All you need to know about Asthma

Find out more about identifying your triggers

Written by spunout


Asthma is a common chronic disease which inflames the airways. The airways are the small tubes that carry air in and out of the lungs. Asthma causes the airways to become oversensitive and react to things they wouldn’t normally react to, such as cold air or dust mites and even family pets. These are called triggers.

When asthma symptoms are triggered, the muscles around the wall of the airways tighten, making them narrow. The lining of the airways also swells and sticky mucus is produced, clogging up the already narrowed airways. With the airways narrow and clogged with mucus, it becomes difficult to breathe.

Symptoms of asthma

Asthma symptoms can vary from person to person. You may have one symptom or a combination of symptoms. Asthma symptoms are one or any combination of the following:


A dry cough that wont go away is a symptom of asthma and often occurs at night or during exercise.


A wheeze is a whistling sound that happens when air is breathed through narrowed airways. If you notice a whistling sound when you breath, you could be suffering from asthma.

Chest tightness/Shortness of breath

Asthma can cause your airways to swell, resulting in a tight sensation on your chest and shortness of breath.

If you recognise any of these symptoms, you should visit your doctor who will assess your symptoms.

Who develops asthma?

Anyone can develop asthma. Asthma is a very common, in fact it is the most common chronic disease in Ireland. Asthma can start at any time of life, although it usually starts in childhood. Asthma can sometimes run in families and is linked to other conditions such as eczema and hay fever.

Asthma Triggers

When you come into contact with certain things they can make your asthma worse. These are called triggers. It can be difficult to figure out what is triggering your asthma. To help find out what your triggers are you should keep an asthma diary or Asthma Action Plan. In it you should record the times, places and what you are doing when your asthma gets worse.

Asthma triggers include:

  • Air Pollution
  • Cigarette Smoke
  • Colds and Flu
  • Exercise
  • Hormones
  • House Dust Mite
  • Medication
  • Occupations
  • Pets
  • Pollen
  • Spores
  • Weather Changes

Diet and Asthma

If you have asthma, it is important to have a healthy diet consisting of a variety of nutritious food. Research has shown that modern diets, which include higher levels of processed foods, vegetable oils and salt and lower levels of fruit, vegetables and oily fish than before, are not good for asthma. These types of diet have contributed to the rise in the level of asthma in Ireland and can make asthma symptoms worse. In particular, being overweight will have a negative impact on your asthma control.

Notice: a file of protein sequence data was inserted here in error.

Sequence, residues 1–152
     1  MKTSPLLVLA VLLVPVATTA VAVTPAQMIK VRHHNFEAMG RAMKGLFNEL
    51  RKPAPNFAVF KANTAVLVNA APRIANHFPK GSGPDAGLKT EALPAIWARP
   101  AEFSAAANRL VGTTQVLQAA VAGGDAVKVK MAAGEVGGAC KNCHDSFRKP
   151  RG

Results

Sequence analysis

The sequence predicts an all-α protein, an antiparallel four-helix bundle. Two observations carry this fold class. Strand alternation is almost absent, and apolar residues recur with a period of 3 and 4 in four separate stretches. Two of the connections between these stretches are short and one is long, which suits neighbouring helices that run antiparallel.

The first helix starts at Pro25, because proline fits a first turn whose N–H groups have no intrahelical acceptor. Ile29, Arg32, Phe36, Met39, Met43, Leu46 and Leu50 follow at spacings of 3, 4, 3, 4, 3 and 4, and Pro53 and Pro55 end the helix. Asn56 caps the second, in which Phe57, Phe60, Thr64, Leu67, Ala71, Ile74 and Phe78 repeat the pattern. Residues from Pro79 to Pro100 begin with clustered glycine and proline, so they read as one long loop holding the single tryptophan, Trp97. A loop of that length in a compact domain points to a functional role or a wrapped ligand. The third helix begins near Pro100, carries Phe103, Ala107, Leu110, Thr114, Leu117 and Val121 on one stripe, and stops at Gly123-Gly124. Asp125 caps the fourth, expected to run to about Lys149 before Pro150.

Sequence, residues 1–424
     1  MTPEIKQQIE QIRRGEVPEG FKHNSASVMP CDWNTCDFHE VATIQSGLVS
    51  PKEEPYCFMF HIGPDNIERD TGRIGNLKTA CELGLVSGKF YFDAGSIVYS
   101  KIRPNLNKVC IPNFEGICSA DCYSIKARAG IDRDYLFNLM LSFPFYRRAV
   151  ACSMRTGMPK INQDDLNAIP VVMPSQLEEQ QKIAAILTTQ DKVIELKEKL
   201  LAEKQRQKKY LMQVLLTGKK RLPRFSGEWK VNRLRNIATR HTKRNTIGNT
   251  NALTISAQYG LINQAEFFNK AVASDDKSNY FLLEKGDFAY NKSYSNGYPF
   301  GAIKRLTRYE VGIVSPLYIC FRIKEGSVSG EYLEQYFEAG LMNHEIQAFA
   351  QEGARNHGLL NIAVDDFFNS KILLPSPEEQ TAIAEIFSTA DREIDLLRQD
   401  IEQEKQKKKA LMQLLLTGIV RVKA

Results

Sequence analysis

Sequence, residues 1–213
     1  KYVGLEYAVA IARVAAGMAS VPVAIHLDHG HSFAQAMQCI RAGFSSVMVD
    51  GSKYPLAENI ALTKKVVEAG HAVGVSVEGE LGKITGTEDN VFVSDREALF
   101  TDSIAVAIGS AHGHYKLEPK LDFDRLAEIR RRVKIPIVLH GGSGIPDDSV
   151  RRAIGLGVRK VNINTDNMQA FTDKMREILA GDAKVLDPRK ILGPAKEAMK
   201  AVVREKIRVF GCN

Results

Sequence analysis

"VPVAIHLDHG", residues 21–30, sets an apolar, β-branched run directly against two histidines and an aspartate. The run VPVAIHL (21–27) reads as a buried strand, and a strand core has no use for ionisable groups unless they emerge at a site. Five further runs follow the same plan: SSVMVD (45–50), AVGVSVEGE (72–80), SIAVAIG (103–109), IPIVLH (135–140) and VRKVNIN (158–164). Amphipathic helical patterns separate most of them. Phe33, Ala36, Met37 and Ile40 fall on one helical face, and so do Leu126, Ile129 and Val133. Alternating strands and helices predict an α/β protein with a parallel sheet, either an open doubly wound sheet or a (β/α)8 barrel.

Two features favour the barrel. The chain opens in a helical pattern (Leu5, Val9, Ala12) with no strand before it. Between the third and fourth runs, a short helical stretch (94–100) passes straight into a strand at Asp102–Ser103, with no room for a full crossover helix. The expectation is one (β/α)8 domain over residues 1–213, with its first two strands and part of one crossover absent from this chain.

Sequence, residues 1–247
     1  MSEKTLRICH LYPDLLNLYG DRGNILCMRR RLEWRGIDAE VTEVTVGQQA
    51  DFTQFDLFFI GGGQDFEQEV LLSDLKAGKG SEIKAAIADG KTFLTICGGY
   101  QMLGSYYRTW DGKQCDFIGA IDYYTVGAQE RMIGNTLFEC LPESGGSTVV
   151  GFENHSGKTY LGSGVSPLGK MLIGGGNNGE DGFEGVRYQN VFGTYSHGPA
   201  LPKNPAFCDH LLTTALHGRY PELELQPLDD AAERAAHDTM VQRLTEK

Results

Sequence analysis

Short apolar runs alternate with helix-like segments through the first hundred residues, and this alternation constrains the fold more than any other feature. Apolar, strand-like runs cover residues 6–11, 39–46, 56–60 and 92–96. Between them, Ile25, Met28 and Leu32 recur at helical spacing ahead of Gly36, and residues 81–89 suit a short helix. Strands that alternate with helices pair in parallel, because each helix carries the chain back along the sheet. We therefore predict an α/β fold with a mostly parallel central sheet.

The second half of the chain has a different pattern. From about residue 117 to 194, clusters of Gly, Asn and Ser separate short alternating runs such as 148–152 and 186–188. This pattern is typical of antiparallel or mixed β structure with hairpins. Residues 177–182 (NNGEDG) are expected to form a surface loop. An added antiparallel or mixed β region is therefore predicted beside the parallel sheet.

To make sure your diet is healthy, use the food pyramid for a guide to the types of food and portions you should eat. Your diet should include lots of food from the bottom of the pyramid, such as breads, cereals, fruit and vegetables, as well as dairy, lean meat and fish. Food from the top of the pyramid, such as sweets and cakes should not be eaten every day.

How to treat asthma

There are a variety of different treatments and medications for asthma. Some, called relievers, work to relieve your symptoms when they happen, while others, called controllers, help to control your symptoms and stop them happening.

Different types of inhalers

Reliever inhalers are used whenever you get asthma symptoms or if you are having an asthma attack.

Controllers are important for managing your asthma. Use your controller inhaler every day, even when feeling well. Controller medication contains a steroid called corticosteroid.

Combination inhalers give you a dose of a reliever medication and a dose of controller medication at the same time.

Tablets for asthma

Leukotriene Receptor Antagonists Tablets – help stop the natural chemicals in your airways that can cause them to narrow and become inflamed.

Theophyline Tablets – widen your airways and reduce inflammation.

Controller or Steroid Tablets work to reduce the inflammation in your airways.

It is important to take your medication as prescribed. Talk to your doctor, nurse, pharmacist or call the Asthma Adviceline on 1850 44 54 64 if you have any questions.

Asthma Action Plans

Once you have been diagnosed with asthma, your doctor or nurse can help you develop an Asthma Action Plan. An Asthma Action Plan will have all the information you need to keep your asthma under control. Your Asthma Action Plan will include the following information:

  • A list of your medications and when to take it
  • How to tell if your symptoms are getting worse
  • What to do when your symptoms get worse
  • A list of your triggers, vaccinations and the asthma education you have received
  •  What to do if you have an asthma attack
  • Important contact information, such as your GP and emergency contacts.

The Asthma Action Plan needs to be filled out by a health care professional. You can get a free Asthma Action Plan by calling The Asthma Society of Ireland on 018178886. If you are concerned about your asthma or wish to speak to nurse about your symptoms you can call the Asthma Society of Ireland advice line on 1850 445464 to set up an appointment.

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